Rosenbaum’s answer was chickens, and a return to her upbringing. When she was a kid growing up off New Jersey’s Route 1, her parents always had 10 or 12 hens grazing in the yard. Her mother was raised in Hungary, where her family kept fowl as insurance against Soviet food shortages. “It feels like one piece that you can control in a situation where we have no control,” Rosenbaum says. “The safety of shelter, the safety of food: if you can have some reliability around those two things, you can manage.”
Hartman grew up canning and preserving jams, spaghetti sauce, pickled vegetables, and peaches with her grandmother, who had a farm. Hartman hadn’t done it herself since she left home at 17, but now she has the time. “For me it was, ‘OK, we’re stuck at home, let’s do something productive and methodical,’” she says.
Badge, too, finds herself harkening back to her teen years. Ordering paint and Exacto knives, she feels like “a high schooler in my room doing projects on the weekends. This period of time is so strange that you have to rely on [the] self that you confidently know yourself to be.”
"This period of time is so strange that you have to rely on [the] self that you confidently know yourself to be."
Since entering the workforce, millennials have been accused of being cosseted, hounded by doubts about their grit. Every line-dried pillowcase and re-spackled wall says, Look at me, withstanding discomfort. And when you make do on your own for weeks at a time, you realize how little you require, or like the yoga instructors say, that what you require can’t be had Outside. “Do I need to go out, do I need to go pick X, Y, or Z up?” Badge asks herself every few days. “Most of the time the answer [is] no.”
While the necessity of all of this self-sufficiency is debatable, the dopamine hit that comes from even minor accomplishments is not. Some liken COVID homemaking to self-care. Badge describes changing out the cabinet knobs in her apartment as “investing in ourselves and the environment we create for ourselves and each other.” Sloan, in Mexico, is “getting in touch with my space,” not just by mopping and changing her sheets more regularly but also by supporting a local flower market, making fresh arrangements around the house.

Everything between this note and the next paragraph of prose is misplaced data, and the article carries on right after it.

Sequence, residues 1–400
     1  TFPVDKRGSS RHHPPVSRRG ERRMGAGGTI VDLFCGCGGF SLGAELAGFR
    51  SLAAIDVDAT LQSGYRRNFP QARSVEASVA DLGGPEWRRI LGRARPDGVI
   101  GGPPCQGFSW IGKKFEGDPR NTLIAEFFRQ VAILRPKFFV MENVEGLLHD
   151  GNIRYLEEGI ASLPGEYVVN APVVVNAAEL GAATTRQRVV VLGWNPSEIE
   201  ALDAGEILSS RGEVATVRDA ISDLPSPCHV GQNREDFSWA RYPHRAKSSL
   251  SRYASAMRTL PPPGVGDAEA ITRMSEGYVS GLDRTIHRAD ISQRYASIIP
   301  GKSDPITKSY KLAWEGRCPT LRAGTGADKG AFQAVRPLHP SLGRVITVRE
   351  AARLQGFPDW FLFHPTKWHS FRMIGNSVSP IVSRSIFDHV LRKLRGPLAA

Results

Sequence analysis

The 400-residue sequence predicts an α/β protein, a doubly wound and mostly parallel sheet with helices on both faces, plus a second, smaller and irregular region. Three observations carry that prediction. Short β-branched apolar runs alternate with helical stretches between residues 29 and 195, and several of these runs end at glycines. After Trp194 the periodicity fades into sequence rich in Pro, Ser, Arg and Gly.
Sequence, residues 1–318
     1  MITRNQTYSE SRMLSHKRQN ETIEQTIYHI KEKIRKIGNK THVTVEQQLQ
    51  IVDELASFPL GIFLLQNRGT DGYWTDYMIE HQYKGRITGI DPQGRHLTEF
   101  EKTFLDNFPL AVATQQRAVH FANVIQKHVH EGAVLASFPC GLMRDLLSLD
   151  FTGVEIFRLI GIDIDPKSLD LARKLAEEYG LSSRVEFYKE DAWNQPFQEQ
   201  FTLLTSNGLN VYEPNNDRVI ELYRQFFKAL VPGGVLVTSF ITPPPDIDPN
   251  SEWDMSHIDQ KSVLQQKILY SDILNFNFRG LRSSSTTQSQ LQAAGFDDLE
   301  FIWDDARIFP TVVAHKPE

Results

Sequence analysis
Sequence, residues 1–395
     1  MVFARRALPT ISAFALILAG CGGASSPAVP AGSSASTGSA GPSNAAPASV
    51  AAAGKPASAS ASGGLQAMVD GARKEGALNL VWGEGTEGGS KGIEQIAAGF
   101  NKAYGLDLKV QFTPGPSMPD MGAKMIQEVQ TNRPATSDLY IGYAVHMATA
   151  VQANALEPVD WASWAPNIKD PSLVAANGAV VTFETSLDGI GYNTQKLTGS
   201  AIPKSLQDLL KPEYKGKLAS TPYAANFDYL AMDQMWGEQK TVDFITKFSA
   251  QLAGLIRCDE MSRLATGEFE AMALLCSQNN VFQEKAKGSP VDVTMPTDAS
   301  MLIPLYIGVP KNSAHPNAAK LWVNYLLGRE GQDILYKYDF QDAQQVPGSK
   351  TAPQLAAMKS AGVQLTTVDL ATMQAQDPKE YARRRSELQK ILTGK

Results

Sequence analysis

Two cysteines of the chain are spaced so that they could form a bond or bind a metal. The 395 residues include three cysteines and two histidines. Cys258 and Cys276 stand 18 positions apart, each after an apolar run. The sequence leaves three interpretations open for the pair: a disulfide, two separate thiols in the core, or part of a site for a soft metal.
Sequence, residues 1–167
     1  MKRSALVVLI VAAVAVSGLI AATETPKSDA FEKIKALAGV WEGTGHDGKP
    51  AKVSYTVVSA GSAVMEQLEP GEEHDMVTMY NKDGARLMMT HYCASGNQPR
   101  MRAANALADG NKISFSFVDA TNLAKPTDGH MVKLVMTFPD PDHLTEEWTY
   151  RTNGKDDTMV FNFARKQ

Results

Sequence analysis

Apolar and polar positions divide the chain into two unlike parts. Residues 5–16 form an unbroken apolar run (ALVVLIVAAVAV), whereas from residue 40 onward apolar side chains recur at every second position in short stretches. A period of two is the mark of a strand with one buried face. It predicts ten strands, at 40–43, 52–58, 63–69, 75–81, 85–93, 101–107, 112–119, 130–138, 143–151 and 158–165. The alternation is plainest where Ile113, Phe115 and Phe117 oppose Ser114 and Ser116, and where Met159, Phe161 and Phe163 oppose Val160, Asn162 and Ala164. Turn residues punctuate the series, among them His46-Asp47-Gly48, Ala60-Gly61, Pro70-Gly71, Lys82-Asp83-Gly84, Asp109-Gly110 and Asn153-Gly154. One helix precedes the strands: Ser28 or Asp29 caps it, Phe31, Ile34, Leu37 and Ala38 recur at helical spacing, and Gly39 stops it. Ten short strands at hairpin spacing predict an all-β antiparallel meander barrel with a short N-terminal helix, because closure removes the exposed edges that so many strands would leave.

"If I wasn’t doing the things like making my own meals, I don’t think I’d be tending to my mental health. I think I’d be checking the news,” says Badge.
As social distancing requirements ease around the country, will we retain our newfound subsistence behaviors or ditch them as quickly as you can say, “Can I get this dry cleaning delivered?” It seems unlikely that women who already had 50-hour work weeks, often with a second shift at home, will opt to keep mending and food preparation on the list, especially if they can afford to pay someone to do these things.
“I don’t think we’ll stop being a nation that values convenience and modernity and the benefits of industrialization and less expensive, shelf-stable products,” Bentley says. “Nobody wants to go without their coffee. Nobody wants to go without bananas. These are food chain items that we could not grow ourselves.” Still, she says, we are capable of adaptation. “I would never wish this on anybody, but sometimes people don’t adopt more economical habits or think about not wasting unless they have to, and crises often produce that.”
“I would never wish this on anybody, but sometimes people don’t adopt more economical habits unless they have to."
Rosenbaum is keeping her chickens. “Right now we’re reacting, but the way things are being examined and revised is going to be beneficial,” she predicts. “There’s definitely someone who hasn’t who’s reaching out to a local farmer for the first time.” Sloan has lost her appetite for fast fashion. “I know I’m very lucky, but being conscious of my purchases is something I feel this is teaching us.”
Quarantine “forces you to rethink how you spent your time and what you spent your time on,” Badge says.
Nothing quite like this has ever happened before. It’s new psychological terrain, which does make us, in our own way, pioneers.
“Honestly,” says Badge, “[this is] the cleanest my clothes have ever been.”